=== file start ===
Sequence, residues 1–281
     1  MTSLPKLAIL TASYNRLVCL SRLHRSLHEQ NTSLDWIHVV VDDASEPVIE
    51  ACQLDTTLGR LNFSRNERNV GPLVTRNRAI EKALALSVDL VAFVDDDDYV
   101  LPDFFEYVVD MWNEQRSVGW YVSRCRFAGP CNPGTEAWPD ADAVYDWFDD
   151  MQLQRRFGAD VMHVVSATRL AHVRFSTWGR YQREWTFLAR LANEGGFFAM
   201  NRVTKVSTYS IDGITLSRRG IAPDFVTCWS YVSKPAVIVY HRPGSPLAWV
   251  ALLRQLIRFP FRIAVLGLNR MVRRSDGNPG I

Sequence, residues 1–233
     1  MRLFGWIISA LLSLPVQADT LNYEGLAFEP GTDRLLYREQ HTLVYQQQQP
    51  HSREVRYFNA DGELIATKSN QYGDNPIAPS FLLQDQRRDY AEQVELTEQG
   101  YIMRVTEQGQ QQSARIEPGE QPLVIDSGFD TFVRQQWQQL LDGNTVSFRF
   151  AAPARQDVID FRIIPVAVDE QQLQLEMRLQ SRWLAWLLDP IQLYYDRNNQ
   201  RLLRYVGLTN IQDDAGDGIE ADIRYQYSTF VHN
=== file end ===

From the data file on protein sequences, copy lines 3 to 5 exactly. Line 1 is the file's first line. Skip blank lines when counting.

    51  ACQLDTTLGR LNFSRNERNV GPLVTRNRAI EKALALSVDL VAFVDDDDYV
   101  LPDFFEYVVD MWNEQRSVGW YVSRCRFAGP CNPGTEAWPD ADAVYDWFDD
   151  MQLQRRFGAD VMHVVSATRL AHVRFSTWGR YQREWTFLAR LANEGGFFAM